This vegetable is a springtime classic. Often used in pies & jam but it can also add color and meaty texture to savory dishes.

Nutrition Information (1 cup):

  • Calories: 26
  • Calcium: 105 mg
  • Fiber: 2 grams
  • Vitamin K: 36 mcg


  • Field-grown
    • Extra-juice & tender with a robust taste & bold acidity
    • Deep cherry-red
    • Available through June
  • Hothouse-grown
    • Slightly milder with smoother flesh
    • Light pink to pale red, often speckled with green
    • Available through September


  • Choose plump, firm, and unblemished stalks
  • Crisp stalks like celery
  • Green stalk are generally coarse and extra-tart
  • Pink & red types have a milder flavor


  • For use within the week:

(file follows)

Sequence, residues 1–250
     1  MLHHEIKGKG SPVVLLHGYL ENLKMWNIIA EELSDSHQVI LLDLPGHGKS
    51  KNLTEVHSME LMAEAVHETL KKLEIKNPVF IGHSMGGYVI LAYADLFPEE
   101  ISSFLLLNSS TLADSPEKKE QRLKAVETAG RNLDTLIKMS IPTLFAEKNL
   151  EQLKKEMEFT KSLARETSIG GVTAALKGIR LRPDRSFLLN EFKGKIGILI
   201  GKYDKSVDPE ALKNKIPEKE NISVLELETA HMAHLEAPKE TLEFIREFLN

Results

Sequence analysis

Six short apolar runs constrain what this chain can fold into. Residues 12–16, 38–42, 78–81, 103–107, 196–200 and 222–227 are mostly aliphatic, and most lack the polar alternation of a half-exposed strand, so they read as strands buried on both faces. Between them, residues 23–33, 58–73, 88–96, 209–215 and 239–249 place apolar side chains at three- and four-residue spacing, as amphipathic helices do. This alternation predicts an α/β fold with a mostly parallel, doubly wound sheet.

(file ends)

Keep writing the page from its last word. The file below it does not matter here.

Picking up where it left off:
• Wrap unwashed stalks in a damp, clean kitchen towel to prevent from drying out
    • Keep in the refrigerator crisper for up to 5 days
  • For use within the year:
    • Rinse thoroughly and cut into 1 inch pieces
    • Freeze 10-12 months


  • Just before using, chop off & discard the inedible leaves
  • Rinse the stalks beneath cold running water, you may need a brush


  • Rarely eaten raw
  • Chop entire stalk according to what you’re making
    • Slow-simmering recipes likes jam: 3″ chunks
    • Faster cooking sauce: finer dice


  • Use nonreactive pans. If cooked in iron, aluminum, or copper cookware, this high-acid plant will darken the pan & turn the rhubarb an unappetizing brown.


“Rhubarb.” Shape Magazine. May 2014. 115.

“Red-hot rhubarb.” Weight Watchers. May/June 2014. 74.

Ramdene, Hali. “Rhubarb.” Better Homes and Gardens. May 2014. 124-135


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